FIG. 5 illustrates a distributed storage system where client data that is written from a client system 150 is mirrored or duplexed on the client system from which the data originates or on other clients. As illustrated in FIG. 5, a client computer system 150 will contain a client redirector or similar client communication device 152 that can send data writes 154 to a network 162. As the data writes are sent to the network, a second copy of the data write is sent to the client mirroring/duplexing module 156 and the data write is duplicated on the client system. A distributed storage file is created in the client's mass storage device (e.g., hard drive) and then the data 158 is stored in that file.
 The networked data write 154 travels across the network 162 and is transferred to a distributed storage array or the networked RAID array 164. Then the RAID array controller 170 can store the data in a striped manner 166. Parity information 168 for the data written to the array controller can be stored on a parity drive or it can be stored in the client system 150.
 An advantage of this configuration is that if the RAID array or network server (with the RAID array controller) fails, then the client system 150 can enable access to its own local mirroring system. This gives the client access to data that it has written to a RAID array or a server without access to the network. Later when the network is restored, the client mirroring system can identify the client system data that has been modified in the distributed storage file and resynchronize that data with the RAID array or network server.
 An additional optional element of this embodiment is a mirror link 160 on the client system that links the client system 150 to additional client systems (not shown). This link can serve several functions. The first function of the mirror link is to allow the client system to access mirrored data on other client systems when the network fails. This essentially provides a peer-to-peer client network for data that was stored on the RAID array. Of course, the data that is stored between the peers is not accessed as quickly as the central network storage system but this provides a replacement in the event of a network failure.
 An additional function the mirror link can provide is balancing the storage between the client mirroring modules. Some clients write to the network more often than other clients do. This results in distributed storage files on certain client systems that are larger than the distributed storage files on other client systems. Accordingly, the mirror link can redistribute the data between the client mirroring modules as needed. One method of redistribution is to redistribute the oldest information first so that recent data is locally accessible in the event of a network failure.
 An example of the system in FIG. 5 helps illustrate the functionality of this distributed mirroring system. Suppose a client system is running a graphics processing application and the user has created a graphic or graphic document that should be saved. When the user saves the document, the client system generates the client data write 154 and the graphic document is written to the RAID array or server 164. The mirrored copy of the graphic document 158 is also written to the mirroring component 156 and mirrored in the distributed storage file. In the event that the network RAID array is inaccessible or fails, then the copy of the graphic document that was last copied to the client mirroring module is made available to the user of the client system.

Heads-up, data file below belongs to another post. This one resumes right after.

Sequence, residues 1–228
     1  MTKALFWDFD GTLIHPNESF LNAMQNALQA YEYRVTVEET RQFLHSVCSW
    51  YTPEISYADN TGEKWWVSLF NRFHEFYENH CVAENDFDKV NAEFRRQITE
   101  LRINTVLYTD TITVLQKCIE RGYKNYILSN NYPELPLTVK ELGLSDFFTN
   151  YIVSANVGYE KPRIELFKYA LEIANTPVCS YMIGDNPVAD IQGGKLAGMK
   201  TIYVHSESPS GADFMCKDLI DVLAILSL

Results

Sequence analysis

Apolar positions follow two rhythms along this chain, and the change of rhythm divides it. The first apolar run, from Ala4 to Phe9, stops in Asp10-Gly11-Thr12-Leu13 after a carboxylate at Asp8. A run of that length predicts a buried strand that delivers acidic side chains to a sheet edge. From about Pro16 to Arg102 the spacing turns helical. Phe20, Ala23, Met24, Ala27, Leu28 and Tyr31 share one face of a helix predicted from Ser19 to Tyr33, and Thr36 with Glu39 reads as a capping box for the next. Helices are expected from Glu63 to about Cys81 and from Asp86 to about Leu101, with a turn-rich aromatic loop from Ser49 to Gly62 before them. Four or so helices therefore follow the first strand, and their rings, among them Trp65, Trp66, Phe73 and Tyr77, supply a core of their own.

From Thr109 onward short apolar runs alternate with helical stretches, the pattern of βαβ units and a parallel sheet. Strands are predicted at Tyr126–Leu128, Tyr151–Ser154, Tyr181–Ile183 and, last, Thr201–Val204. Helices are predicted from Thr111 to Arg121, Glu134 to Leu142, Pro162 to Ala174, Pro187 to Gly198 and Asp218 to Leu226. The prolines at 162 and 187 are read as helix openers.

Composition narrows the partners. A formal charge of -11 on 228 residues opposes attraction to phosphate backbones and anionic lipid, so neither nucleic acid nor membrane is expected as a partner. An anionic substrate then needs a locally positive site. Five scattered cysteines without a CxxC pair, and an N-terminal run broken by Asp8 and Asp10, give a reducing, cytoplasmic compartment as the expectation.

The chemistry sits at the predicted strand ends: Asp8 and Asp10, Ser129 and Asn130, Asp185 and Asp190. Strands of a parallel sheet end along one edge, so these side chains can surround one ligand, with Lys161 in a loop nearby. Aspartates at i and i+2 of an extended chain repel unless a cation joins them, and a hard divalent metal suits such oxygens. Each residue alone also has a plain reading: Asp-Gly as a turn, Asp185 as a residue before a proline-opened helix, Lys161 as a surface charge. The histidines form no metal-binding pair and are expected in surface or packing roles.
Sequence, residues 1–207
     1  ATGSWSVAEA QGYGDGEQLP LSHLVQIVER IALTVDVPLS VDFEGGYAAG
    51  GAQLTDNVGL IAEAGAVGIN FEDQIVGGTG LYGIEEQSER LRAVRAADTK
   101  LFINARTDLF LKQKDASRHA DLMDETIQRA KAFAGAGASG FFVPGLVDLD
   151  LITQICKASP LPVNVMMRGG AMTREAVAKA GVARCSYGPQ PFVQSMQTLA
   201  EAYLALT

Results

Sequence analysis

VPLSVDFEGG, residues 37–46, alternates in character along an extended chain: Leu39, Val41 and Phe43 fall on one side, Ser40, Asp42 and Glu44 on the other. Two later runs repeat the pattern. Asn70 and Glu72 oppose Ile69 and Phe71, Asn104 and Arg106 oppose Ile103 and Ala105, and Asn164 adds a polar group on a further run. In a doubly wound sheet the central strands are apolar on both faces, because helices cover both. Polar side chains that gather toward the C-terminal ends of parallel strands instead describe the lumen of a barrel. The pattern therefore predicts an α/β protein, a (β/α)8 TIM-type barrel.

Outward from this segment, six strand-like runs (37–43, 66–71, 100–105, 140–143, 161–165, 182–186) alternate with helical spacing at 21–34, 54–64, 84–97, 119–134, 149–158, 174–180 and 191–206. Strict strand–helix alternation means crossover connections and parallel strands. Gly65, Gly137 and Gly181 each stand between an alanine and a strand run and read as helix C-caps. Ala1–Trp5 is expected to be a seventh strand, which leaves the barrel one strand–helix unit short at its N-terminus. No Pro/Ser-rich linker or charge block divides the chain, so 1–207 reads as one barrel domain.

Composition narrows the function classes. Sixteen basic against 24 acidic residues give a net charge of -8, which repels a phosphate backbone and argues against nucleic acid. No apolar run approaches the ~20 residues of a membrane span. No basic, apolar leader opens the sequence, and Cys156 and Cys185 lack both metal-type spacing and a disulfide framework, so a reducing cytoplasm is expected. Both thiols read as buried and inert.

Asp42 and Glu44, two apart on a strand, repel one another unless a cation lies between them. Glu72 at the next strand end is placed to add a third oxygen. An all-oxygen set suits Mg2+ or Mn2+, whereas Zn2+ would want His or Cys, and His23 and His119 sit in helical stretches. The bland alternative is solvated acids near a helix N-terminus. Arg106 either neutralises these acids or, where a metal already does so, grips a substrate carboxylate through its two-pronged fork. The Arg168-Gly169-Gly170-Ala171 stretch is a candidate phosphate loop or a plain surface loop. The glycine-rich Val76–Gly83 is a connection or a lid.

The access to the mirrored information can be configured to happen automatically when the client system (or storage array client software) determines that the RAID array is unavailable. Alternatively, the client system may have a software switch available to the user to turn on access to their local mirroring information.
 This embodiment avoids at least two access failure problems, one of these problems is that network clients tend to hang or produce error messages when they cannot access designated network storage devices. In this case, the client system can automatically redirect itself to the local copies of the documents, and this avoids hanging on the client side. It also allows the client peer mirroring to replace a network failure so that the client systems are able to access network documents on other client systems when the network and its centralized resources are unavailable. This saves time and money for companies who use this type of system, because local users will have more reliable network information access.
 Another advantage of this system is that a separate mirror server or a separate array to mirror the RAID array is not needed. The system uses distributed storage files that utilize unused space on the client system. Since this is unused space, it is cost effective for the distributed data storage to use the space until it is needed by the client system.
 In some situations, the amount of space available to the distributed storage file may decrease significantly. Then the client mirroring module and the mirror link may redistribute data over to another client system. Redistribution may also be necessary if the client uses up the space on its local hard drive by filling it with local data and operating system information, etc. In this case, the client mirroring can either store just a little data, or remove the local distributed storage file and then notify the network administrator that this client system is nearly out of hard drive space. Based on the current price of mass storage and the trend toward increasing amounts of mass storage, a filled local hard drive is unlikely to happen. Even if the local disk is filled, replacing it may allow a system administrator to increase the amount of mass storage available on the entire storage system inexpensively.
 It is to be understood that the above-referenced arrangements are only illustrative of the application for the principles of the present invention. Numerous modifications and alternative arrangements can be devised without departing from the spirit and scope of the present invention while the present invention has been shown in the drawings and fully described above with particularity and detail in connection with what is presently deemed to be the most practical and preferred embodiments(s) of the invention, it will be apparent to those of ordinary skill in the art that numerous modifications can be made without departing from the principles and concepts of the invention as set forth in the claims.